Communication Tips: Five Tips for Breaking Bad News


The other day, I received an email to my insurance company and was shocked to find the following simple statement. “NOTES 01: – Your plan does not cover your claim of $2,000 dollars.”

It was a bad thing – I was hoping for a check that would reimburse me for a major dental work I’d done. It was not even an actual note. It reminded me more of the Monopoly chance card: “Go directly to jail. Do not pass Go. Do not collect $200.”

The bad news was stated in such a blunt manner that it sort of blew my mind. It’s possible that they should have at the very least written something like, “Dear Sandra, unfortunately the terms of your plan do not cover X, Y and Z. Better luck next time.” Anything that can soften the blow!

Receiving bad news and breaking it is something that we all encounter in our lives. There are better methods and better ways to communicate unpleasant news and the best ways to can make it easier for the people who are on the receiving end.

Knowing how to convey bad news is especially important in these difficult post-recession economic times. If the announcement is related to job loss or simply telling the person at work who believes that pulling jokes is hilarious but isn’t an appropriate time to think about the following suggestions to convey information that might not be a good fit.

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My Top Five Tips for Delivering Bad News

Pro-to-Pro Professionalism and treating the other person like a professional. This means using professional language, regardless of whether the bad news is delivered in person or via email.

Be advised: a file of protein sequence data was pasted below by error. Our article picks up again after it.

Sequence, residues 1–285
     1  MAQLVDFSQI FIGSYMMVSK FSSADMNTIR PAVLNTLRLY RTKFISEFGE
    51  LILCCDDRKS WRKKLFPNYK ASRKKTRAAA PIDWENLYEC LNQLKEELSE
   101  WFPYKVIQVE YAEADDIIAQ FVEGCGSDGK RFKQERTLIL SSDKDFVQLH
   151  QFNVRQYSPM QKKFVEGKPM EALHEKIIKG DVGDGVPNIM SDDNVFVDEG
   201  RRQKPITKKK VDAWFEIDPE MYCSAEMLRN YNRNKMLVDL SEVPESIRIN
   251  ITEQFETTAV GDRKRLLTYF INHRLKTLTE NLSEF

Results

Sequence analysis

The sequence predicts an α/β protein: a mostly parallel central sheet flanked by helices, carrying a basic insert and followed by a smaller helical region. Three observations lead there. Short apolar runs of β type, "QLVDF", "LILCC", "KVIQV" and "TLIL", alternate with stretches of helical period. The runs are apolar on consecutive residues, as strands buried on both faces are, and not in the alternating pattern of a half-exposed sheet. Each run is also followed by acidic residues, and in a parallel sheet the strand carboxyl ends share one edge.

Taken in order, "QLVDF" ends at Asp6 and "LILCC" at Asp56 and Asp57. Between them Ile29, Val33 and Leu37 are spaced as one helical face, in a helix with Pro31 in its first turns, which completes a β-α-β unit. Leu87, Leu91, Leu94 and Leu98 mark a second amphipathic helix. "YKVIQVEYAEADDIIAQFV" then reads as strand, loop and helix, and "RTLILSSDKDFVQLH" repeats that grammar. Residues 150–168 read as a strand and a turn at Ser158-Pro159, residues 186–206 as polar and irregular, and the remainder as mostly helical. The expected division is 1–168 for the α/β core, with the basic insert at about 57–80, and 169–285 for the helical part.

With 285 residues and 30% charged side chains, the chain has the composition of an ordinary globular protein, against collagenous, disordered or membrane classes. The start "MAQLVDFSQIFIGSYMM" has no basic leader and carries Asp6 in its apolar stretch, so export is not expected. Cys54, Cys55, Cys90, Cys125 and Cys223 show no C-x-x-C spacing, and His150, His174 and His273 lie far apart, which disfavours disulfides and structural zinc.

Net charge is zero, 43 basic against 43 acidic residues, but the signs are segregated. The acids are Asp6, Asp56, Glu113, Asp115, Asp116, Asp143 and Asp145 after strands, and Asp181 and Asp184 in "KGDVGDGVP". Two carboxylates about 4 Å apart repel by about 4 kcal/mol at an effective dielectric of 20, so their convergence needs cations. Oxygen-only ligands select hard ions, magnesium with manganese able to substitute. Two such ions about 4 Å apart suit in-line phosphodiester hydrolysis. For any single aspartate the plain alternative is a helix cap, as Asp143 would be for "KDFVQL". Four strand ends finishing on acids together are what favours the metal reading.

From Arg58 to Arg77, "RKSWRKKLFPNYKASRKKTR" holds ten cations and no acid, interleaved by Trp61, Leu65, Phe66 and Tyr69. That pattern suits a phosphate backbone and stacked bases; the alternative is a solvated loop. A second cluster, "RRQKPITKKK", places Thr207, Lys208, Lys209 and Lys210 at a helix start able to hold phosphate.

Positive Bad News: If there is any positive news you could be able to share, first do it. Give the person a choice. “There’s good news and bad news, which do you prefer to hear first?” If you have two bits of positive news, you could opt for to go with the “sandwich” approach: good news bad news, and good news. Another option is to minimize the negative by focusing on the positive.

Accept and apologize: Put yourself in the other’s position and imagine how you would feel being told the news. Be calm and not overly emotional, but acknowledge the other person’s emotional reaction. Also, apologize for being the one to share negative information. This won’t make the news any better, but it will make the situation more human.

Honest and Straight: While you have to strive for professionalism, understanding, as well as positive, it is important to also must be precise and truthful with your details. If the jokester in the office is making everyone else insane, you must tell him the truth. “Look, Practical Joker, I’ve had numerous complaints about your practical joking. I’m sorry to ruin your fun, but it simply has to stop.”

Creative and constructive In the event that there is something you could say that would be constructive and helpful do not hesitate to say it. If you are facing being laid off, it could be a matter of advising the employee of the fact that Human Resources will provide information regarding career counseling and resume development. If it’s the case with The Practical Joker case, this could be recommending he play an online game that he can play… during the lunch break.

The reality is, of course, that sharing bad news can be difficult. I recently conducted a training with top managers on how to provide constructive feedback to their employees. (They had issues that ranged from tardiness to under-performing employees.) One of their problems was the tendency to put off the release of information. When they did finally deliver the news via email, they frequently used rude words and unsuitable formatting.

The next time you’re required to tell anyone “Go straight to jail,” attempt, at a minimum to soften the message with something like this: “I’m sorry to have to announce that you’re not going to collect $200 this time. Even if you do go straight to the jail The good news is that you’ll be able to be released, as there’s always another chance to win.

If your boss says you’re not a good writer or you don’t receive responses to your emails, The Language Lab, established by Dr. Sandra Folk, is an organization that is specialized in improving the business communication and writing skills of managers and their employees globally and nationally.


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